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    Good News On This Day in History, May 5


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    130 years ago today, Carnegie Hall held its grand opening, featuring the great Russian composer Tchaikovsky as guest conductor.

    The extraordinarily large concert venue in a quiet neighborhood (before Midtown Manhattan blossomed), eventually became one of the most prestigious theaters in the world for both classical and popular music—and a National Historic Landmark.

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    At 881 Seventh Avenue and West 57th Street, the building with 3 concert halls was built by philanthropist Andrew Carnegie and today hosts 250 performances each season. The grandest of the three theaters is six stories high with 5 levels of seating for up to 2,804 people.

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    Home for decades to the New York Philharmonic, its lobbies are adorned with signed portraits and memorabilia that feature Arturo Toscanini, the debut of 25-year old Leonard Bernstein, and memories of stars who recorded iconic live concerts there—Duke Ellington, Billie Holiday, Tony Bennett, Judy Garland, Simon and Garfunkel, Chicago, James Taylor, Stevie Ray Vaughan, and many more.

    The hall has also been the site of famous lectures, including Booker T. Washington, and the last public talk by Mark Twain—both in 1906.

    Rock and roll first arrived in 1955 with Bill Haley & His Comets. Years later, The Beatles, newly arrived in the U.S., played two shows there and Led Zeppelin, a decade later, became the first hard rock act to plug in their amps into the magnificent Carnegie Main Hall. WATCH a cool tribute… (1891)

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    – Photo by Ajay Suresh, CC license

    MORE Good News on this Day:

    • Cy Young of the Boston Americans threw the first perfect game in the modern era of baseball pitching against the Philadelphia Athletics at the Huntington Avenue Grounds, (1904)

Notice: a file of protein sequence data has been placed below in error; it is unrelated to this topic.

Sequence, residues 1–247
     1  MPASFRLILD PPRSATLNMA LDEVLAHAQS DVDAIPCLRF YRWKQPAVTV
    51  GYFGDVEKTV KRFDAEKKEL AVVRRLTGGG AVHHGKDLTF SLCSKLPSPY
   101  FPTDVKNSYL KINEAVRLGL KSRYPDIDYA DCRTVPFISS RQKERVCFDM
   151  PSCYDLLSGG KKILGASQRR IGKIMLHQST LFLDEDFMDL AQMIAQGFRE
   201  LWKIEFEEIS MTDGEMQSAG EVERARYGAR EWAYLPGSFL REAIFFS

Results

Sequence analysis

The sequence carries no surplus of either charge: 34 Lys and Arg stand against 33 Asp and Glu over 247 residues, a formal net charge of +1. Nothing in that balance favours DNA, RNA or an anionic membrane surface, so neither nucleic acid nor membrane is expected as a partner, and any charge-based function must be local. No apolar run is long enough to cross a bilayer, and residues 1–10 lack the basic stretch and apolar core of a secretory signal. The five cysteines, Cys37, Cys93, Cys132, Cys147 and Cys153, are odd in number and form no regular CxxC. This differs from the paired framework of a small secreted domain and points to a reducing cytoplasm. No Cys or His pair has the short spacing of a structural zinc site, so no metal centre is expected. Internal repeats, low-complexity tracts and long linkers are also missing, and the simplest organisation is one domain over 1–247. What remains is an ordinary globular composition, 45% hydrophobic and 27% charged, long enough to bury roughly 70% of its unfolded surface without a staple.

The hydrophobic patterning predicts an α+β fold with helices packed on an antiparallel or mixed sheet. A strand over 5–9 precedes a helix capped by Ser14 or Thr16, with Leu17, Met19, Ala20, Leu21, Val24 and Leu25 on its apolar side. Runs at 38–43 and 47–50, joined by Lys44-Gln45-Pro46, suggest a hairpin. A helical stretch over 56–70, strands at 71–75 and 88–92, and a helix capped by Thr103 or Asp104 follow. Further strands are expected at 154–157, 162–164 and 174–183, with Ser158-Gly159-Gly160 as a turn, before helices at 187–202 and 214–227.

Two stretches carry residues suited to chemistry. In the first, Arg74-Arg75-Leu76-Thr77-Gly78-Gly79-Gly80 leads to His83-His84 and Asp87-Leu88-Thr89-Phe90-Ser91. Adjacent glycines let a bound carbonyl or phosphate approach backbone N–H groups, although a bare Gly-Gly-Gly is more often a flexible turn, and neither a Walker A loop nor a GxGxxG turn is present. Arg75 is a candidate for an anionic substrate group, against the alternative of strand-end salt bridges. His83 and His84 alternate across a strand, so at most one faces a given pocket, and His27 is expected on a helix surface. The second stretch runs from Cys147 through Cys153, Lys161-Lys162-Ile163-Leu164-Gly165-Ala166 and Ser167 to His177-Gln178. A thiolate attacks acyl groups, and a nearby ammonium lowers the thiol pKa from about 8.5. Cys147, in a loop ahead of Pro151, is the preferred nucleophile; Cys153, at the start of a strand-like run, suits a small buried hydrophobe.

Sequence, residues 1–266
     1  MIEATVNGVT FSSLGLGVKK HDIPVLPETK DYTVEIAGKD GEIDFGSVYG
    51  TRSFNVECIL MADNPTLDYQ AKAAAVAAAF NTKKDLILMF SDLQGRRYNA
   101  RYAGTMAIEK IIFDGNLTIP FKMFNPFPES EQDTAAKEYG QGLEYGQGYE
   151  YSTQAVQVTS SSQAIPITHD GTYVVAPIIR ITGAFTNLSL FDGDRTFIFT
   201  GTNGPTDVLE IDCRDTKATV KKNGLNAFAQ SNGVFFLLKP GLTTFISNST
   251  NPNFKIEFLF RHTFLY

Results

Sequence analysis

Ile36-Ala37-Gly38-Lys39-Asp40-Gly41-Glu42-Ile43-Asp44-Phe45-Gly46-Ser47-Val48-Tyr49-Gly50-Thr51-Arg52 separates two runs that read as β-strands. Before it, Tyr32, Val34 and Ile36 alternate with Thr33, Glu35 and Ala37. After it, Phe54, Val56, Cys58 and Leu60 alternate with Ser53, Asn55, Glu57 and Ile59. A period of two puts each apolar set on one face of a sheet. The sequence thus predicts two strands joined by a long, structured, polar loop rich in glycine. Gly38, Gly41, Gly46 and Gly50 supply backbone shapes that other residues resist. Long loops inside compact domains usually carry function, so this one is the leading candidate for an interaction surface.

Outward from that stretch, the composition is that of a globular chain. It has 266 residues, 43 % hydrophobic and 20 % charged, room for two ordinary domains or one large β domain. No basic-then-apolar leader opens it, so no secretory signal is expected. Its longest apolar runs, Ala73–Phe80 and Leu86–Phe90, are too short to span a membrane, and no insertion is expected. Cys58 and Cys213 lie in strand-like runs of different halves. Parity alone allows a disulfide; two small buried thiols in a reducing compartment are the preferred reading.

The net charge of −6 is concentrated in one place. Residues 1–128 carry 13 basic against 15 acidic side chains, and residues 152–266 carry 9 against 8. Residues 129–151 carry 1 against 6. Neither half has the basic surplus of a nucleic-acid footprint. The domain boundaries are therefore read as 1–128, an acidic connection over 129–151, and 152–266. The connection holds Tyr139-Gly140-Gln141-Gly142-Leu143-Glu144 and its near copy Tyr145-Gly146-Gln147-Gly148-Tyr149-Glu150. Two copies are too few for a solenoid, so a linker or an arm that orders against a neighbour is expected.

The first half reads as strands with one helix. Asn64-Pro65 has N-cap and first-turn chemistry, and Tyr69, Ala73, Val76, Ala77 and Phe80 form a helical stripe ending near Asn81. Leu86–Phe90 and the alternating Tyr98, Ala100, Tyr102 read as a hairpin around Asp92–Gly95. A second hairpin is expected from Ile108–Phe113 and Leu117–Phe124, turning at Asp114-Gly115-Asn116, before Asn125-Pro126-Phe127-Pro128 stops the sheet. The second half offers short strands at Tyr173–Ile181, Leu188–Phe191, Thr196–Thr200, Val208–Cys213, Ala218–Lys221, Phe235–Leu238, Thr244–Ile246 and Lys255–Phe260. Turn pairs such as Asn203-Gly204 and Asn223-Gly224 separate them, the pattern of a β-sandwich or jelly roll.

• Michael Palin, the English comedian from Monty Python and A Fish Called Wanda was born in Sheffield, Yorkshire (1943)
    • Prague uprising began against German occupying forces in Czechoslovakia (1945)
    • US Army troops liberated the Mauthausen concentration camp in Austria during World War II (1945)
    • Alan Shepard became the first American to travel into outer space, making a sub-orbital flight of 15 minutes in the Mercury program (1961)
    • Billboard’s Top 100 chart debuted 65 years ago with Elvis Presley premiering at the top of the list on Heartbreak Hotel (1956)
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    Today is also Cinco de Mayo (Fifth of May, in Spanish), the Mexican holiday celebrating the victory of Mexican patriots led by General Zaragoza over invading French forces in the Battle of Puebla on May 5, 1862.

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    General Ignacio Seguín Zaragoza (March 24, 1829 – September 8, 1862)

    It was a classic David and Goliath tale which led to an eventual victory for the U.S.–backed Mexicans. 6,500 French soldiers sent by Napoleon III, confident of a quick victory, marched to Mexico City to seize the capital. However, Zaragoza’s ill-equipped militia of 4,500 men, plus a small but nimble cavalry, crushed the better-armed French soldiers in muddy and inhospitable terrain, with a combination of tenacity and a cattle stampede set off by locals. The French invasion resumed two years later and 30,000 new French troops toppled the Mexican army. However, once the American Civil War had ended, the U.S. began supplying Mexicans with weapons, ammunition and volunteers, and by 1867, the French were finally defeated and their puppet head of state deposed.

    Photo by FaceMePLS, CC license

    Today is Liberation Day (Bevrijdingsdag) for the Dutch people—a national holiday celebrated in the Netherlands to mark the end of the German occupation by Nazi forces during World War II. It was 75 years ago today that Canadian and British forces—along with Polish, American, Belgian, and Czechoslovakian troops—liberated the country. (1945)

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    And, Happy 33rd Birthday to Adele, the popular British singer who rocketed to stardom at age nineteen when she released the four-times platinum album “19” and won the Grammy Award for Best New Artist in 2009.

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    And, on this day in 1809, a U.S. patent was awarded to a woman for the first time. In that American era, females could neither own goods nor enter into contracts, so why pursue a patent? Because a Connecticut woman named Mary Kies invented something worth patenting, reports the Smithsonian.

    During an embargo of imports from England that stifled fashion, she came up with a technique of weaving straw with silk and thread—a method that allowed her to make and sell beautiful hats, which, after the patent was awarded, no one else could copy. The polished bonnets became a huge fad—and President James Madison signed Kies’s patent while First Lady Dolley Madison loved the idea of furthering women in industry, so said ‘hats off’.

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    Dr john Masawe
    Medical Laboratory Scientist (MLS) |Dancer|Software Developer|Multitalented|??|Entrepreneur|Researcher ? Founder, CEO, Admin and Publisher Of This Website

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